Target hardening, also referred to simply as hardening when made clear by the context, is a term used by police officers, those working in security, and the military referring to the strengthening of the security of a building or installation in order to protect it in the event of attack or reduce the risk of theft. It can also apply, for example in this instance, to people.
In the martial arts or combat sports (often mistakenly taught and trained for self defence) target hardening is an area of training which is nearly always overlooked.
This article will discuss target hardening both for the individual as well as for personal belongings as these areas both often overlap when, for example, a person is robbed or threatened for their personal possessions.
Target Hardening for Personal Security
Training in a reality based self defence or hand to hand combat system you would look at someones overall security as a whole picture. That person would want :
- the physical skills to defend themselves
- the experience necessary to override the freeze factor (fight, flight or freeze)
- the physical strength and endurance to perform in the fight
- an approach to personal security eg target hardening
- street tactics on avoidance
I would also go one step further having qualifications in criminology and being a close protection operative bodyguard I would also look to include vehicle and home security.
As individuals concerned for our wellbeing or for that of others, it is worth spending a little time learning about this valuable tool used by security professionals throughout the world.
Criminals choose their victims. And they’re very good at it. In the very same sense that a burglar will choose which house to rob – open windows, valuable contents, no cctv or witnesses etc they will also perform the same selection when choosing someone to attack whether that be a physical attack, a sexually motivated attack or some form of robbery.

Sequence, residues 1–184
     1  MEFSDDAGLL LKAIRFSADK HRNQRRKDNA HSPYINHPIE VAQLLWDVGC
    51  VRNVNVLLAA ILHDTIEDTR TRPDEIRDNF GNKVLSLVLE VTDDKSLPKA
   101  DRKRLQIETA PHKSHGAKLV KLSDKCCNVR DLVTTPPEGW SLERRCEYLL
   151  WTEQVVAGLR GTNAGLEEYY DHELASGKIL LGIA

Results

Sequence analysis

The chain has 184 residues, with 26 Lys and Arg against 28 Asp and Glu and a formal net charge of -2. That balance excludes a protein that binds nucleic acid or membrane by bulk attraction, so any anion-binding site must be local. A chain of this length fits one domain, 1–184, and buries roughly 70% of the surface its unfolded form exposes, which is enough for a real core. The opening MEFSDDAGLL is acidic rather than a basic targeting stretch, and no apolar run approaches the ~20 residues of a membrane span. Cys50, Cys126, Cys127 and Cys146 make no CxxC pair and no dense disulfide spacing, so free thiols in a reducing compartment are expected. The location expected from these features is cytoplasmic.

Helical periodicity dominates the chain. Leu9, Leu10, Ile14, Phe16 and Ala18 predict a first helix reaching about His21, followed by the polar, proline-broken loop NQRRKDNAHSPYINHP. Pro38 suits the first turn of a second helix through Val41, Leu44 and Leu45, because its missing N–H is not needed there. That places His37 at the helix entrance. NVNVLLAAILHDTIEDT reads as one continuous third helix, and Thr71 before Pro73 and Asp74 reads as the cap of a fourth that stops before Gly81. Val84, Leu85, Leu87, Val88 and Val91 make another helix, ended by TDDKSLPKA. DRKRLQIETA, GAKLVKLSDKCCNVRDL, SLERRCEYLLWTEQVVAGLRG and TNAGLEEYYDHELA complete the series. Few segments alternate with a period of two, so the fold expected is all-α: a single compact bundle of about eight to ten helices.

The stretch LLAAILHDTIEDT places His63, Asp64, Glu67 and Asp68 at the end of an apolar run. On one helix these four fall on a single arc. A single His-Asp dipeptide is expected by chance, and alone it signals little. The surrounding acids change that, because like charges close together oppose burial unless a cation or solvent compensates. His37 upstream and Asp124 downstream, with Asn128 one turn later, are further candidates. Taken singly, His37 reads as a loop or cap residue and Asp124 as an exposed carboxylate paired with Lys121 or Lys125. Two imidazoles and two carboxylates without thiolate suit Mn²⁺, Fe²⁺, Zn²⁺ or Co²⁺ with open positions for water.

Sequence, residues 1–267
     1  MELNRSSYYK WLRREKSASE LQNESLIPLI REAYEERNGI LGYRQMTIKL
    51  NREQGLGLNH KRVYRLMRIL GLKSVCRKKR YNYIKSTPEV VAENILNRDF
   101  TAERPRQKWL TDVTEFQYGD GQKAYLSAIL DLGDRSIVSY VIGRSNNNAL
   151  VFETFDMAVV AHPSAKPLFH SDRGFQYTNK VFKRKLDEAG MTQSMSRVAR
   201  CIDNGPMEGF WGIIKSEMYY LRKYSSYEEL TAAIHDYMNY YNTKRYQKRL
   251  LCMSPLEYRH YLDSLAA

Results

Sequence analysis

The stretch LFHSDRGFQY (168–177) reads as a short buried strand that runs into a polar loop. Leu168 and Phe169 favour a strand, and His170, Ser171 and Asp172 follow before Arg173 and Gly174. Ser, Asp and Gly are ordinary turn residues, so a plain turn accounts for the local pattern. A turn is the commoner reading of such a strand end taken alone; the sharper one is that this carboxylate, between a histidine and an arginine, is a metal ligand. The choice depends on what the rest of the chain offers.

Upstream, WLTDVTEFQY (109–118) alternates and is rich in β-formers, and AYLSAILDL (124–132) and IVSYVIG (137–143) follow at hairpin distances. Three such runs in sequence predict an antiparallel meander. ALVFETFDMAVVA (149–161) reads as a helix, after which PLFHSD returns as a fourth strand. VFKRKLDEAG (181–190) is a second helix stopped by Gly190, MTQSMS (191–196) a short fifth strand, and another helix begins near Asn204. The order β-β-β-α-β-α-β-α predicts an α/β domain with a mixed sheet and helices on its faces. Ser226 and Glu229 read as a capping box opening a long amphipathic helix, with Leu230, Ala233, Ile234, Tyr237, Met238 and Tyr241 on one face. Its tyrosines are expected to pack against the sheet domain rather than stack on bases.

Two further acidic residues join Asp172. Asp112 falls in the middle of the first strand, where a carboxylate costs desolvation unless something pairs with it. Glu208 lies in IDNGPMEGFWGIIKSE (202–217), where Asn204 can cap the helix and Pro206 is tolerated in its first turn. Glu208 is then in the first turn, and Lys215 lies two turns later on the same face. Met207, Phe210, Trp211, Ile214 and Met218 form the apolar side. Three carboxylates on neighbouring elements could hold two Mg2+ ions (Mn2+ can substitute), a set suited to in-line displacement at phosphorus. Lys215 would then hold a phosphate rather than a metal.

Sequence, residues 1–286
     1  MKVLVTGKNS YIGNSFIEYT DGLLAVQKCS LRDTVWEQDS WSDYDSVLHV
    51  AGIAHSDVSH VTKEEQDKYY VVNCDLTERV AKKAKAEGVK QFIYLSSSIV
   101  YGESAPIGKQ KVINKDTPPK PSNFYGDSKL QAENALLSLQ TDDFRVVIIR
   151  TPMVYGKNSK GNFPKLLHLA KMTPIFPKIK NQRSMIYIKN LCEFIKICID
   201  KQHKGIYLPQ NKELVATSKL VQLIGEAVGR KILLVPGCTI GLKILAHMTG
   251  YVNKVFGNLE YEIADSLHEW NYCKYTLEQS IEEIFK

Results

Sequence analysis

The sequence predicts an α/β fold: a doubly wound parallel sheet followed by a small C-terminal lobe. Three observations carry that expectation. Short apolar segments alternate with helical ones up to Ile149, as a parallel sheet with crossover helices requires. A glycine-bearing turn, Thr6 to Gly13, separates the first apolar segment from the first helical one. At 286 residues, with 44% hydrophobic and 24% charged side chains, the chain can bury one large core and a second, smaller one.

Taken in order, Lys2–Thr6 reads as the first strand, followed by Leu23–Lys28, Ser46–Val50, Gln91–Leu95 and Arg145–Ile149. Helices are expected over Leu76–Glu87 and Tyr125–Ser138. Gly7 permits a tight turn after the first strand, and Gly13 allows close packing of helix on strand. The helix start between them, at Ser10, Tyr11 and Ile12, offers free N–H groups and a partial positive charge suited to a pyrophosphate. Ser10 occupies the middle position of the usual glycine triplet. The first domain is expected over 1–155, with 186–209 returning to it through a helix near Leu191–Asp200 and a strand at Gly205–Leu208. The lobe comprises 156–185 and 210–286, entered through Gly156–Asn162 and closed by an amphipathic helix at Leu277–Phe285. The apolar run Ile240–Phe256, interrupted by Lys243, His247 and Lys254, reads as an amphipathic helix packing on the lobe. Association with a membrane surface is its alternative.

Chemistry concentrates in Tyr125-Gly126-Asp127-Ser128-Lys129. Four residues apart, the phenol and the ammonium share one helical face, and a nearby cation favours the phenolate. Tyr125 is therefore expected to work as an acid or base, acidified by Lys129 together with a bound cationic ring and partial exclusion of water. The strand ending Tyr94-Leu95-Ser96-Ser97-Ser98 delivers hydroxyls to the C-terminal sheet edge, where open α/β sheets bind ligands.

Attackers will often look for “soft” targets. Most attackers will look for physical weakness, the people who are most at risk are:
- Anyone who is physically small or who seems unable to act in self defence
- Anyone who is encumbered (eg with children, bags etc) *note: I have personally found myself in this situation when I had my 1 year old son with me, thankfully training provided me with the tools to acquire a good result.
Understanding the attacker
There are several common traits shown by the attacker.
- An attacker isn’t looking for a fight, he is looking for a victim
- He doesn’t want consequences or comebacks
- If an attack looks like it will be hard work, he won’t bother and will choose another easier target
- People on their own are more likely to be attacked than people in groups
- Stay alert at all times
- If you are suspicious of someone or something, don’t be embarrassed to take defensive measures
At the most basic level a hard target is one that means:
- An attack will have legal consequences eg Police are hard targets as criminals know that if they attack a Policeman he a) has backup and b) you will be caught and punished. Similarly CCTV can act as an effective deterrent in the same manner.
- An attack has physical consequences eg if you have a dog with you, if you are big and tough looking, maybe carrying some sort of improvised weapon such as a walking stick
- An attack will present problems of another kind – someone who is observant, scans their surroundings.
Target Hardening Tactics for the Individual
How to make yourself a harder target:
- Hide the gain: take measures not to display your wealth, clothing, watch, car etc
- Stay with people that you trust
- Book taxis at night rather than walking on your own in areas you don’t know
- Walk with confidence
- Be alert – don’t be so consumed by the task in hand that you are not aware of your surroundings
- Don’t wander around drunk
- Carry yourself with good posture (exercise helps facilitate this)
- Scan for threats, and be prepared to act should you see one
Target Hardening Measures for the Home
Active steps that you can take to make your home or business more resistant to an attack.
- Fit better doors, windows and shutters
- Window and door locks
- Outdoor lights
- Fencing system
- Removing or reducing the visibility of valuables
- Making areas harder to access